The Federal Correctional Institution – Dublin, a women’s prison in Northern California, earned the nickname the “Rape Club” due to rampant reports of sexual abuse and cover-ups by prison officials, according to an Associated Press investigation.
Throughout the prison’s existence, it has been plagued by sexual abuse allegations. Recently, two of the prison’s five employees currently facing sexual abuse charges pleaded guilty to sexually abusing women prisoners. The investigation is on-going and continues to uncover incidents of staff sexual misconduct, said the report. On March 20, a food service foreman was charged with touching an incarcerated woman’s genitals, breasts, and buttocks in October 2020.
There have been nine other workers placed on administrative leave by the Bureau of Prisons since March, said the report.
“It’s absolutely horrible,” Thahesha Jusino, the prison’s new warden, told The AP. “I’ve never experienced anything like this. In my career, I’ve never been part of a situation like this. This is really unprecedented.
“We’ve really lost a lot of credibility through all of this, which is understandable, because it’s appalling what has happened.”
FCI Dublin has a history of sexual abuse and staff employment discrimination complaints:
In the late 1990s, four officers were charged with engaging in sexual conduct with women prisoners.
In 1996, three female prisoners alleged they were “sold like sex slaves” by correctional officers, who housed them in a housing unit for men and allowed male prisoners to rape them. No one was arrested. The women sued the Bureau of Prisons and the agency agreed to settle the lawsuit for $500,000, noted the report.
In the early 2010s, a staff worker was found with videotapes in his locker with him having sex with women prisoners. He was allowed to retire after the discovery. Around the same time a dozen other Dublin employees were quietly removed for sexually abusing prisoners. No one was arrested, according to the report.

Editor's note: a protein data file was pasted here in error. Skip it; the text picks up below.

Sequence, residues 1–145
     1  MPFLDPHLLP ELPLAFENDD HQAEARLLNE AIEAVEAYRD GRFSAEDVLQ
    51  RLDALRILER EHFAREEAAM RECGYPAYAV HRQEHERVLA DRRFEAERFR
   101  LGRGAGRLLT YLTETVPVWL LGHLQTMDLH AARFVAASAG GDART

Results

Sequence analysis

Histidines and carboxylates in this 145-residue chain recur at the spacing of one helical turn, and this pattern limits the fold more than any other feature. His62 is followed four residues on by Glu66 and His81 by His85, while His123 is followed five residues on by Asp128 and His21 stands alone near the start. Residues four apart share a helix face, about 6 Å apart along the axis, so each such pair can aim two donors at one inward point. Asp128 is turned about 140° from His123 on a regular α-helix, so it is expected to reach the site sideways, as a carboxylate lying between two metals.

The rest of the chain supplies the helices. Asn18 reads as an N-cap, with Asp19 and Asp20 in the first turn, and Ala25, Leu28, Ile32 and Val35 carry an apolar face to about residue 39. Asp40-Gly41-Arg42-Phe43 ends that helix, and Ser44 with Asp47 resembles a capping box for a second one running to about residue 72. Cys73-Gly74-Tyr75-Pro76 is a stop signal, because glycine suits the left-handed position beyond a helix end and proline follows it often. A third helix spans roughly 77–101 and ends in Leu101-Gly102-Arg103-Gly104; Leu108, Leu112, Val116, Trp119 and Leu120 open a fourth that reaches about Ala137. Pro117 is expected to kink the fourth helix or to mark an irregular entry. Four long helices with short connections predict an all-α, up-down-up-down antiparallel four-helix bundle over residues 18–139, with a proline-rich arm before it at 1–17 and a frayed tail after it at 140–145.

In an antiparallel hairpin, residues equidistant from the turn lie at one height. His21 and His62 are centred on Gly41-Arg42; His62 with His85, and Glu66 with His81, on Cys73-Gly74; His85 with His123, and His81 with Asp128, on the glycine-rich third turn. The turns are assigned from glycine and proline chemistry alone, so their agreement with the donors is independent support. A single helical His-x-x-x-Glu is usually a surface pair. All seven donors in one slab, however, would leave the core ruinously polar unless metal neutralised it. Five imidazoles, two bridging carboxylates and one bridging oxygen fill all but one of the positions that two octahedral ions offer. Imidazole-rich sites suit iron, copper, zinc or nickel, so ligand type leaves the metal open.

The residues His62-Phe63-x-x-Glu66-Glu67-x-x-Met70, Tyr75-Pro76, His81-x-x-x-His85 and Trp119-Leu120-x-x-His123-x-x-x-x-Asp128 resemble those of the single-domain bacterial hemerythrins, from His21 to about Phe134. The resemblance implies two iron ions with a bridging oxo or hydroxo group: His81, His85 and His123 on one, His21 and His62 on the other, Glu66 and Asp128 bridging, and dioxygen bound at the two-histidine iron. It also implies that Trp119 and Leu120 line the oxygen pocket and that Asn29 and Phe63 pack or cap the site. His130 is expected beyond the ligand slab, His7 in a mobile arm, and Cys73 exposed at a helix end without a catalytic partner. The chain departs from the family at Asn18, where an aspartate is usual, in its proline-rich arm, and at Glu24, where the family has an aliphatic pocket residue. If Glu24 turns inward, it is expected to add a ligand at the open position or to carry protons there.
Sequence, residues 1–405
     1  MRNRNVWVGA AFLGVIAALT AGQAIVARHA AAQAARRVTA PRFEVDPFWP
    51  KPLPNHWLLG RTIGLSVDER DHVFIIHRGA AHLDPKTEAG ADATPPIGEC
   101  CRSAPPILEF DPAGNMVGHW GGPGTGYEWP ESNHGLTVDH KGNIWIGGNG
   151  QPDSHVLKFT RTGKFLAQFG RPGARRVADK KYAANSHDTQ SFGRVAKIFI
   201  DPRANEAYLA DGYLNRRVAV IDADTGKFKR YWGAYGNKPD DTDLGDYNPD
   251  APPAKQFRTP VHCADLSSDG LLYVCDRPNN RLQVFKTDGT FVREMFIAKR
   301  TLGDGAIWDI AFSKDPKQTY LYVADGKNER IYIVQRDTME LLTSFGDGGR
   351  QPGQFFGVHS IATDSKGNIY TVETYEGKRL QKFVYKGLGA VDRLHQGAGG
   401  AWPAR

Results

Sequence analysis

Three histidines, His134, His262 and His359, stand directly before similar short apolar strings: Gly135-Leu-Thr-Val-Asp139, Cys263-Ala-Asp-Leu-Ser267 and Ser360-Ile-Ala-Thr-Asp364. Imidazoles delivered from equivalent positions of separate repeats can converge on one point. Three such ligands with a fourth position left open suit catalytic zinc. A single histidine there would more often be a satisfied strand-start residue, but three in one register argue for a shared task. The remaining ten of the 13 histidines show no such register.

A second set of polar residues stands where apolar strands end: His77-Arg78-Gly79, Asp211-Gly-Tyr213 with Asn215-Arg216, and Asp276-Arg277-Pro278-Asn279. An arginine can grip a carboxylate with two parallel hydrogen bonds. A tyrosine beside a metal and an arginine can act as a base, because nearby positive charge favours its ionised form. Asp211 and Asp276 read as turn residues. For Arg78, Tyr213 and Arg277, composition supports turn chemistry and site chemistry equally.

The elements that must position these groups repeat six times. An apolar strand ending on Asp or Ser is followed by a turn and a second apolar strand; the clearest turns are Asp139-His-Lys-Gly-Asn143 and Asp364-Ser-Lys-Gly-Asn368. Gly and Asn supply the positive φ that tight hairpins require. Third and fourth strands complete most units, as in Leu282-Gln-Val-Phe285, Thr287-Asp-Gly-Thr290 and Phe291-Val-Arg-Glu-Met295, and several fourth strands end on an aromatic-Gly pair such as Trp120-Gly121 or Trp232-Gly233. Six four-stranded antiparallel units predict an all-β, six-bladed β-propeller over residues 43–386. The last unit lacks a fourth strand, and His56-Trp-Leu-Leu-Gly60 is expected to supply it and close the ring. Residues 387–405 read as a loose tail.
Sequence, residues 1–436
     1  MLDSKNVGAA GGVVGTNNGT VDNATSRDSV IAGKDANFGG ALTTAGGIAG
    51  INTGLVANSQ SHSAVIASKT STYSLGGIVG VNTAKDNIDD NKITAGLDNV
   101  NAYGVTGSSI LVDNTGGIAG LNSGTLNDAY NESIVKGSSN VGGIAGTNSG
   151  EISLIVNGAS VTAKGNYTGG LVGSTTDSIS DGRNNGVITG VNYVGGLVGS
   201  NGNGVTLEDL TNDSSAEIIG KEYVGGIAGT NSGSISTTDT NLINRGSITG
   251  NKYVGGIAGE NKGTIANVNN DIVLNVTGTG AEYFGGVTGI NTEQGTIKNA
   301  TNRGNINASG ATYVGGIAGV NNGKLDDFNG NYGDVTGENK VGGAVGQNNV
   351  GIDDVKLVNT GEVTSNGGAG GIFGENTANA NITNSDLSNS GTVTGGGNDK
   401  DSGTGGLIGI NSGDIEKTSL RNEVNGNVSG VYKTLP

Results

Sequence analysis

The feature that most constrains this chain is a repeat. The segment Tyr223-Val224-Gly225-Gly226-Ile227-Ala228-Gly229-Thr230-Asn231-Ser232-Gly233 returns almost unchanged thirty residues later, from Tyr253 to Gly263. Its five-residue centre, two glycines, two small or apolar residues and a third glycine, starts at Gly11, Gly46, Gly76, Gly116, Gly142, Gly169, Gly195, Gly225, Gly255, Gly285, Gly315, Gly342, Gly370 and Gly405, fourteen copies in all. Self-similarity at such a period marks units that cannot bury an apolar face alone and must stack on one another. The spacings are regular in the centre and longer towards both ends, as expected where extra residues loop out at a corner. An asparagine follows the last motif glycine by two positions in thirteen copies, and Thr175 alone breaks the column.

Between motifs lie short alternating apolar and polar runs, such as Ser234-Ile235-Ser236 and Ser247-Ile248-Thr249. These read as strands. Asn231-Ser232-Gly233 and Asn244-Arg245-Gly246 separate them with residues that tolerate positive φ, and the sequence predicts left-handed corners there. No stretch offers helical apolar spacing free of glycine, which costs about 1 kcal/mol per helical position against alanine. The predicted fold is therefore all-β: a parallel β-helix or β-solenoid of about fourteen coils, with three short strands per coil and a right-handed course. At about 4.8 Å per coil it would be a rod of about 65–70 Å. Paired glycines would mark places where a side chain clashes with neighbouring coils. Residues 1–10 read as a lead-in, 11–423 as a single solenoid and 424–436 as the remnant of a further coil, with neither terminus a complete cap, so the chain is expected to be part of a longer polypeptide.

“There is literally a culture there that is toxic and one that needs to be addressed,” U.S. Rep. Jackie Speier told The AP.
Since the recent crisis and arrest of sex abuses, former warden Ray J. Garcia was also arrested and accused of victim intimidation and repeatedly molesting a female prisoner between December 2019 and March 2020, forcing her and another prisoner to strip naked while he took pictures of them with his government-issued cell phone, said the report. He pled not-guilty to all charges.
With the prison coming under intense scrutiny, former BOP director Michael Carvajal and a task force of senior agency officials toured the facility. Carvajal was responsible for Garcia’s promotion to warden, despite a pre-existing “reputation in prison circles as a misogynist,” and was confronted by prison staff.
“You created this monster,” one worker told Carvajal during the tour.
One woman asked, “Why did you create this toxic environment? Why did you pick Garcia as the warden?”
FCI Dublin currently houses around 785 incarcerated women, most of whom are serving sentences for drug crimes.
The Justice Department promised to “[hold] BOP personnel accountable, including through criminal charges,” said Deputy Attorney General Lisa Monaco: “Staff misconduct, at any level, will not be tolerated, and our efforts to root it out are far from over.”